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- What are oral antihistamines?
- What are examples of oral antihistamines available in the US?
- What are the side effects of oral antihistamines?
- What drugs interact with oral antihistamines?
- What formulations of oral antihistamines are available?
- What about taking oral antihistamines during pregnancy or while breastfeeding?
What are oral antihistamines?
The term, antihistamine generally is used for medications used to treat various symptoms believed to be caused by histamine, for example, as part of the common cold, including:
(A second type of antihistamine is used primarily for suppressing acid production in the stomach and treating acid-related diseases such as ulcers of the stomach. These antihistamines will not be discussed further.)
Antihistamines also may be used to treat motion sickness, insomnia (difficulty sleeping), and anxiety. Antihistamines work by blocking the effects of a chemical called histamine that is responsible for many allergic symptoms.
Patients who experience significant allergic symptoms regularly may take daily antihistamines to keep their symptoms under control. Antihistamines also can be used on an as needed basis for those who experience occasional symptoms or symptoms triggered by exposure to certain irritants such as animal hair, plants, medications, and food products. Some antihistamines also may be used occasionally to help with sleep.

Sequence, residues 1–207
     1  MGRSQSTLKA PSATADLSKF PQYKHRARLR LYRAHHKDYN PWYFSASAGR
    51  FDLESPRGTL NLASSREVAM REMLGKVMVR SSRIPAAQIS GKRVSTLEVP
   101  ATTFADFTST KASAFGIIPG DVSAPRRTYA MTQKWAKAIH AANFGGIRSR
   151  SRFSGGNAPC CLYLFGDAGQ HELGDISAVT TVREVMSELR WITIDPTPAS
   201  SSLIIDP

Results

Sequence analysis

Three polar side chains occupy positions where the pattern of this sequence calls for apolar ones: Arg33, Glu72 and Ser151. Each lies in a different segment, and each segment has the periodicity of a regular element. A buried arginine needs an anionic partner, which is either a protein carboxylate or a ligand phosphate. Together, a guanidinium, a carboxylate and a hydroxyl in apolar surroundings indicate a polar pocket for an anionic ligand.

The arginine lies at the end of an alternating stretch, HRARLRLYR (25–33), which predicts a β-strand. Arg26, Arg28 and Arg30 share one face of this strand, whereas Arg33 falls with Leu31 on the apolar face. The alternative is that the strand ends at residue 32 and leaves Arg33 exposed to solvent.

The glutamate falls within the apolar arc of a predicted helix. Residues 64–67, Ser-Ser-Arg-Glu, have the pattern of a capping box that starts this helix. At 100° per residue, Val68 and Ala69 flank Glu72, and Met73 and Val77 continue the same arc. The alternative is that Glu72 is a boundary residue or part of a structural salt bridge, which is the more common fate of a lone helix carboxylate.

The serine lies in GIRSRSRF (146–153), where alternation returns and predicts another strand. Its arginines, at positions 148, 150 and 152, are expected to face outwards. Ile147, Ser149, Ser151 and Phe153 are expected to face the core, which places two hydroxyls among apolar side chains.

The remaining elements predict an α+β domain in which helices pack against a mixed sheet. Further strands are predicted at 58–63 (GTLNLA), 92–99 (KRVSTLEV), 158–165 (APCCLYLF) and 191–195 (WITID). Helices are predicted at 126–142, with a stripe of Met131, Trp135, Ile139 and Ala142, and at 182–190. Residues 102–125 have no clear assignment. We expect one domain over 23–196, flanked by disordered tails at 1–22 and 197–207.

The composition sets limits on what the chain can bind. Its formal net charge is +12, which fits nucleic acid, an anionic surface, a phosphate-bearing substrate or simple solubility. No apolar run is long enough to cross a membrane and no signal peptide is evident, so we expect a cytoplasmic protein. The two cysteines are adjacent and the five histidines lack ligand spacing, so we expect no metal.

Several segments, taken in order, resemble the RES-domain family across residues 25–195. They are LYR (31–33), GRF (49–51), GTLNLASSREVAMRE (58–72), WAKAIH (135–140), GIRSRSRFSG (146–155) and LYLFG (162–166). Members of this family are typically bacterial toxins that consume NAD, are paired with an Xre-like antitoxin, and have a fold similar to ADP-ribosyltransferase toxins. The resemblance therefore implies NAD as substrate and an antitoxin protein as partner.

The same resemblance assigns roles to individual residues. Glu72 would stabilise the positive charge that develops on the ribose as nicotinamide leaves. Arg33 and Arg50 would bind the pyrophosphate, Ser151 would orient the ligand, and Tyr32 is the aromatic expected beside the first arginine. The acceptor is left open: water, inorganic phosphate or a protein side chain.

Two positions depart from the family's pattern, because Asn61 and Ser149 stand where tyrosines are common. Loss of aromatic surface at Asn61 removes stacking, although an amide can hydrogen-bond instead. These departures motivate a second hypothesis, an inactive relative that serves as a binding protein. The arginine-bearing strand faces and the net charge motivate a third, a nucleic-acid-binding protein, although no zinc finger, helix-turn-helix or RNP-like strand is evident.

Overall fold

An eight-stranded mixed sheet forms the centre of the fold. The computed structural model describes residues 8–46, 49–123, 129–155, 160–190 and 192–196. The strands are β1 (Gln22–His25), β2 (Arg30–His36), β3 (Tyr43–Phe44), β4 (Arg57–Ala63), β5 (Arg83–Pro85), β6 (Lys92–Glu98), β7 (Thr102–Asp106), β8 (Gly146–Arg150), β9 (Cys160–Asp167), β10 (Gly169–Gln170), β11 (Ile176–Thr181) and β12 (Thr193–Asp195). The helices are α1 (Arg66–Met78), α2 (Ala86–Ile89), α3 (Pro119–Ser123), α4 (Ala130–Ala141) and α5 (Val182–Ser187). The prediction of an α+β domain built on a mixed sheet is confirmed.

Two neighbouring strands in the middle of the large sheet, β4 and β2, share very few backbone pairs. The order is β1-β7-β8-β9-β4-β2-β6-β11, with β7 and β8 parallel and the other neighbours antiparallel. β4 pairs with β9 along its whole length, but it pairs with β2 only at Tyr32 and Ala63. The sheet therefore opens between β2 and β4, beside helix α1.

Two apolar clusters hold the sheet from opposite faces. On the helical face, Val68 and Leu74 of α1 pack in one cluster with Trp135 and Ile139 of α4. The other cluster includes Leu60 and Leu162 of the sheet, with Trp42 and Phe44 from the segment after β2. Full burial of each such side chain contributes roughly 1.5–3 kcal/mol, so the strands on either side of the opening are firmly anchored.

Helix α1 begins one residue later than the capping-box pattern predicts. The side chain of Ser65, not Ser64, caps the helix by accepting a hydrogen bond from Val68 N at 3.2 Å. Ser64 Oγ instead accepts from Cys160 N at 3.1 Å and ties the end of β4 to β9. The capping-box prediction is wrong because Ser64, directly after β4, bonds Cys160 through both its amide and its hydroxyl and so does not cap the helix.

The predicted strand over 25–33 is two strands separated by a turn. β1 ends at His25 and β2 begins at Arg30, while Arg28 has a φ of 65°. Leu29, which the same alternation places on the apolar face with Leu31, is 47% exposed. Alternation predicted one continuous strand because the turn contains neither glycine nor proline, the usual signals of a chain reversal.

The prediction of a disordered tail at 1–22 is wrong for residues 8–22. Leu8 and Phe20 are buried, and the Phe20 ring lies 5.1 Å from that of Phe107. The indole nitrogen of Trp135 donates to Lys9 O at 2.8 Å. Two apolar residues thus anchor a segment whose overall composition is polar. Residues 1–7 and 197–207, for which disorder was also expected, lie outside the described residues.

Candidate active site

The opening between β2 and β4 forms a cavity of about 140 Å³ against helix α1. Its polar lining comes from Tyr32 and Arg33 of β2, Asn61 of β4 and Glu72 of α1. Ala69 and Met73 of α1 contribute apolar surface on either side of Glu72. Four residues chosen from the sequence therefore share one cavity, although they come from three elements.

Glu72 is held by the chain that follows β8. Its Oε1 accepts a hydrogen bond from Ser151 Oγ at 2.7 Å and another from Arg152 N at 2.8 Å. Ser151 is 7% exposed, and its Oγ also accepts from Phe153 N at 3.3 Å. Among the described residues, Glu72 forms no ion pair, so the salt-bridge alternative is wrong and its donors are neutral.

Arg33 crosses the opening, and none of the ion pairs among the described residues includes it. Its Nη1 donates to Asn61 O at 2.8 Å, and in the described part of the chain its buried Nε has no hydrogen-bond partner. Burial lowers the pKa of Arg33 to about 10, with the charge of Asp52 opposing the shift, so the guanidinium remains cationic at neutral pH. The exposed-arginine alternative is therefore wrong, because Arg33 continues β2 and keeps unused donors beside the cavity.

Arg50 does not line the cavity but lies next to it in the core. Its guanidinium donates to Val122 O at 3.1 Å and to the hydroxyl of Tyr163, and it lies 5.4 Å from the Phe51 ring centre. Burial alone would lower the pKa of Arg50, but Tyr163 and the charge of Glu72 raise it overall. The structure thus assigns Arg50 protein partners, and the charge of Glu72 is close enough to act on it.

Many different brands and forms of oral antihistamines are available over the counter (OTC). Oral antihistamines are available as pills, chewable tablets, orally disintegrating tablets, capsules, and liquid. Some antihistamines are found in combination pills that contain other medications. For example, antihistamines are commonly combined with decongestants (for example, Claritin-D, Zyrtec-D, Allegra-D), a class of medicine that is used to dry up the nasal passages and relieve head congestion.
Antihistamines are divided into two categories, first generation or older agents and second generation or newer agents. First generation antihistamines have many drawbacks including side effects of drowsiness and significant anticholinergic side effects that, for example, can cause difficulty urinating or constipation, and are therefore not used very often. The newer antihistamines (second generation) are less likely to cause these side effects.
Antihistamines also differ in how long they work. Long-acting antihistamines provide symptom relief for up to 8-12 hours, while shorter acting agents last for up to 4 hours but begin working faster.
What are examples of oral antihistamines available in the US?
First generation antihistamines include
- chlorpheniramine (Chlor-Trimeton)
- diphenhydramine (Benadryl)
- doxylamine (found in many OTC sleep aids including Unisom)
- carbinoxamine (Karbinal ER)
Second generation antihistamines include
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What are the side effects of oral antihistamines?